Here’s the word of the day, kids:
HOMONORMATIVITY - ‘A politics that does not contest dominant heteronormative assumptions and institutions, but upholds and sustains them, while promising the possibility of a demobilized gay constituency and a privatized, depoliticized gay culture anchored in domesticity and consumption’ ( L. Duggan 2003 )
Basically, homonormativity sees (primarily) gay and lesbian people working towards the assimilation of non-heterosexual people into heteronormative structures of kyriarchy. For example, instead of challenging the constraints of the heteronormative gender system and working to destabilize historically hegemonic institutions, the homonormative project aims to make space for gay people within the already existing (and problematic) gender system [so we find a gender hierarchy with femininity at the bottom; “No fats, no fems” sound familiar?] and all the institutions attached to them, including marriage and standards of civility.
Today, same-sex marriage is legal in Maryland. (By the way, congrats!) Alas, not everyone’s a fan. The guy above, for example, who stopped a popular wedding trolley business that earned him $50,000 per year because he didn’t want to have to serve gay couples due to his Christian beliefs.
Can you believe that we’re still fighting for equality in America? To be against marriage for everyone is utter discrimination.
Earlier today, Maryland’s Democratic Governor, Martin O’Malley told reporters that he would sign a bill legalizing gay marriage in the Old Line State if he is reelected and such a bill is presented after passing through the state’s General Assembly.
O’Malley made the comment on WTOP, which is his most direct public comment on gay marriage to date. During his first term, O’Malley has consistently stated he favors civil unions but has never said he stands against same-sex marriage.
O’Malley’s statement was in response to a question asked by a caller on WTOP’s “Ask the Governor” program. He stated:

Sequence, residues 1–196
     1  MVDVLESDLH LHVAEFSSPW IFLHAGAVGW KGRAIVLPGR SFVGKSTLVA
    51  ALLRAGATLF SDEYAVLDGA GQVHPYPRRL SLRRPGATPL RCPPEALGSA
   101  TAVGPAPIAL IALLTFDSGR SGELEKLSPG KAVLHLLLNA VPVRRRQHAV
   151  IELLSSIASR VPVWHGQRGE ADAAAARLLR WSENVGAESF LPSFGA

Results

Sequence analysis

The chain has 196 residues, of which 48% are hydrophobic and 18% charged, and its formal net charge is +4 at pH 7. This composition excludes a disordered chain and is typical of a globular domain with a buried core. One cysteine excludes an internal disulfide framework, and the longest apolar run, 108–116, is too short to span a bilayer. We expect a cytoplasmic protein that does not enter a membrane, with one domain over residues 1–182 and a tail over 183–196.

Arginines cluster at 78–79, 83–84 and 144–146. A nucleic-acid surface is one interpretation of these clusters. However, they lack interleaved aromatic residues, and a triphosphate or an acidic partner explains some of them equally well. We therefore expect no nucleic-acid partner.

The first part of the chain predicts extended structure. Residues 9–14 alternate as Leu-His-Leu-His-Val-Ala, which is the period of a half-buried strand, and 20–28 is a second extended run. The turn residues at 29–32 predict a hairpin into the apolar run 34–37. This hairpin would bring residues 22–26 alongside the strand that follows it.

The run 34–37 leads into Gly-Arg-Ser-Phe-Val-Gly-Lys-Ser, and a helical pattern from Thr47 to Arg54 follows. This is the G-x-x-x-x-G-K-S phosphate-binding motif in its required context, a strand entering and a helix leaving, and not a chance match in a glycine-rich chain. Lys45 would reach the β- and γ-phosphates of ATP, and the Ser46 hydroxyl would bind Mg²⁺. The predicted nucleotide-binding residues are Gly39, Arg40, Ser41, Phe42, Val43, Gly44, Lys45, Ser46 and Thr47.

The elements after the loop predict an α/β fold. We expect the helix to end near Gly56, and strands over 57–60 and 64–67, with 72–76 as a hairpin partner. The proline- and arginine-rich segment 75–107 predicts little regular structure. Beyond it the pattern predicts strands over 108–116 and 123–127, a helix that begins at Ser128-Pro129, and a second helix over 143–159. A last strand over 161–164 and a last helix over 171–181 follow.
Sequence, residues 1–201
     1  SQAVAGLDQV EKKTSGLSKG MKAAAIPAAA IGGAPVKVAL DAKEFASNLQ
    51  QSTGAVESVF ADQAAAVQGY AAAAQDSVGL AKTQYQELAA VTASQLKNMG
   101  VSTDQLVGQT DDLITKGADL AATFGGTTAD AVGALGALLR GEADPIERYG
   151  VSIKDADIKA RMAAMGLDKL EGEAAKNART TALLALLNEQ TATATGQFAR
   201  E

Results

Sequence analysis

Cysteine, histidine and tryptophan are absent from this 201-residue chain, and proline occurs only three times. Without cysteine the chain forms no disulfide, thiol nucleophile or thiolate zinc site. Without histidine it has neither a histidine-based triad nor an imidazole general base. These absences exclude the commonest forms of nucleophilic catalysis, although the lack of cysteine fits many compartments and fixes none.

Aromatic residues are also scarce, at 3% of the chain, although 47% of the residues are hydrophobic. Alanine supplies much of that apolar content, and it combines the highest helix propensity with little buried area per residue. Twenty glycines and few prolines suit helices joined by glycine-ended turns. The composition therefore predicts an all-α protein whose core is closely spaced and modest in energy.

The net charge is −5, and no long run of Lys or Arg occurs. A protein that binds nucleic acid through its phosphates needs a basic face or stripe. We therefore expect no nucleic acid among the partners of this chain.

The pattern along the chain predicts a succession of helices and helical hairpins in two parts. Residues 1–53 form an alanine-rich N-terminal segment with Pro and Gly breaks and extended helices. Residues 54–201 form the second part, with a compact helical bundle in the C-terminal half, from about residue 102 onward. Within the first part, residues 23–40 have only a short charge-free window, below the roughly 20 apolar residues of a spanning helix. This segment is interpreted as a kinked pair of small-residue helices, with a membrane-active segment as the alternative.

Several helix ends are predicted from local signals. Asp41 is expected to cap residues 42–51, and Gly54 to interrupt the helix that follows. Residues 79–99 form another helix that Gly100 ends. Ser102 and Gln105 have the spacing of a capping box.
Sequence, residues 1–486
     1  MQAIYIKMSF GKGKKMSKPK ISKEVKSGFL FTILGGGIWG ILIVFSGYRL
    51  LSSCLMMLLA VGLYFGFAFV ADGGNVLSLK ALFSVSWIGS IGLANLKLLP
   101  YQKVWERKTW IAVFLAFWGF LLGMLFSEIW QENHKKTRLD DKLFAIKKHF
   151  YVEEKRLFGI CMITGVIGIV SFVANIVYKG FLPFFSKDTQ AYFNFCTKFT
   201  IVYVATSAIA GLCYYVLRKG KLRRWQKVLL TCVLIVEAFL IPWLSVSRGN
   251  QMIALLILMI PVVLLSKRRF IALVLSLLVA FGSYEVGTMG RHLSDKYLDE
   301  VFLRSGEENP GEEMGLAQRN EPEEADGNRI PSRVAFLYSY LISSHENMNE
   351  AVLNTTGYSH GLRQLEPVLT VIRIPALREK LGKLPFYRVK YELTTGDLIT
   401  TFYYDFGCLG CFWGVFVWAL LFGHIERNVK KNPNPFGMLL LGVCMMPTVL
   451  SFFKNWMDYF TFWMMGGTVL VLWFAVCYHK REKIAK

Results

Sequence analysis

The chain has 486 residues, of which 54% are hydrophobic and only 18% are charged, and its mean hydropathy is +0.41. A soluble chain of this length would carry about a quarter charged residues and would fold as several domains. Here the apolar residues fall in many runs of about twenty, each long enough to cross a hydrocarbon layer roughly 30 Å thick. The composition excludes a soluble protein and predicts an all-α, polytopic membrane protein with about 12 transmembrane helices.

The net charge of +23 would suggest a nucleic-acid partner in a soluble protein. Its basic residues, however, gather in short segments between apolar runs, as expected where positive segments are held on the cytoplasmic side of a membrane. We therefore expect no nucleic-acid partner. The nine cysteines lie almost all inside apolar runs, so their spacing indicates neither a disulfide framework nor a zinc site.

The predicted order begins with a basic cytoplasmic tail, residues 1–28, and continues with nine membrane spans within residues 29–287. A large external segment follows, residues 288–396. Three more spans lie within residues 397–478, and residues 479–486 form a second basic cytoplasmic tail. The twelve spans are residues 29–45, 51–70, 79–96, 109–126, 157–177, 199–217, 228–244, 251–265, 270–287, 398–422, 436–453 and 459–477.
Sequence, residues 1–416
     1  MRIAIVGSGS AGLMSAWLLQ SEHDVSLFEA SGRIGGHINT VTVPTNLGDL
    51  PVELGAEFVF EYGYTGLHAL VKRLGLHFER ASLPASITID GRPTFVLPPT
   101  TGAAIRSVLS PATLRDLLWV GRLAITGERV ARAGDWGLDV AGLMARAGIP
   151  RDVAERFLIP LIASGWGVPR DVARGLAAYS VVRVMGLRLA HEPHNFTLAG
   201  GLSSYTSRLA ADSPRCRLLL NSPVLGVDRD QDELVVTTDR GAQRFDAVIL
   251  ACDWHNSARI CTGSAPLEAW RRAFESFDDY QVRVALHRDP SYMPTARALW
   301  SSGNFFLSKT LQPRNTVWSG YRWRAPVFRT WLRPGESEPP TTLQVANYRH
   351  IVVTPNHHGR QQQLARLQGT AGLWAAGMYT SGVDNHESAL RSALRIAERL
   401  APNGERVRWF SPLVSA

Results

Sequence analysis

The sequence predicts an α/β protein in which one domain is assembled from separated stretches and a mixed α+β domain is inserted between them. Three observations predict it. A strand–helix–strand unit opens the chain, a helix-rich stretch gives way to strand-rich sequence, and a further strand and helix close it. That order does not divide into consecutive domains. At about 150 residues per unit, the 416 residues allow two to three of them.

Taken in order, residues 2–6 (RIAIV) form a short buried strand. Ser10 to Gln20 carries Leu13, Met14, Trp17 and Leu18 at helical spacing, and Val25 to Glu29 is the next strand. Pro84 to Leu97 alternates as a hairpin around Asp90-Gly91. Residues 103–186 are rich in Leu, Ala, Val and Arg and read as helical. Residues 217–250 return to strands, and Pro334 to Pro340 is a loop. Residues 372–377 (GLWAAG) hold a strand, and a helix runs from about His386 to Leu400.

“I don’t have a crystal ball to predict how this goes, but I do know this: I know the people of our state well enough that for all of the differences and diversities of backgrounds and opinions, that all of us want to find a way to craft our laws in such a way that it treats people equally under the law.”
O’Malley reiterated his personal belief that civil unions are a suitable compromise, but added:
“Should the legislature find a way to reach that compromise in another way, I would sign a bill like that. We need to find a way to support equal rights, and that is true when it comes to committed gay and lesbian couples and the unions in which they choose to enter and raise children and all the issues that go with that.”
Gay Marriage and Drinking Fountains
Tensions flared on Sunday in Guadalajara, Mexico when gay rights activists and a group of Roman Catholics squared off.
The activists were voicing support for same-sex marriage; the Mexican supreme court recently upheld Mexico City’s legalization of gay marriage. The Associated Press reports that a Roman Catholic person ripped up the sign of one of the gay rights demonstrators, leading to yelling on both sides. It was the second confrontation in Guadalajara in two days between members of the Roman Catholic faith and gay activists.
Click here for the full story.
The news that an Anglican vicar in England intends to wed a male model less than half his age has created a stir in the U.K.
Though legal marriage is not available to gay and lesbian families in Britain, civil partnership is. But what has caused a fuss is the intention on the part of the vicar to have his union blessed in the church.
The issues of gay clergy and the question of blessing same-sex unions have roiled the Anglican faith since 2003, when openly gay U.S. Episcopalian cleric V. Gene Robinson was made a bishop. Prior to that, the church was already under strain by the question of women being ordained as clergy. Branches of the Anglican faith in other parts of the world—most notably in Asia and Africa—objected strenuously to gays being allowed to serve as clergy, and to same-sex unions being blessed, but some Episcopalian churches in North America have proceeded with such blessings.
Over 17 states have crossed the 50% line for Gay Marriage support in the U.S!
Read more here.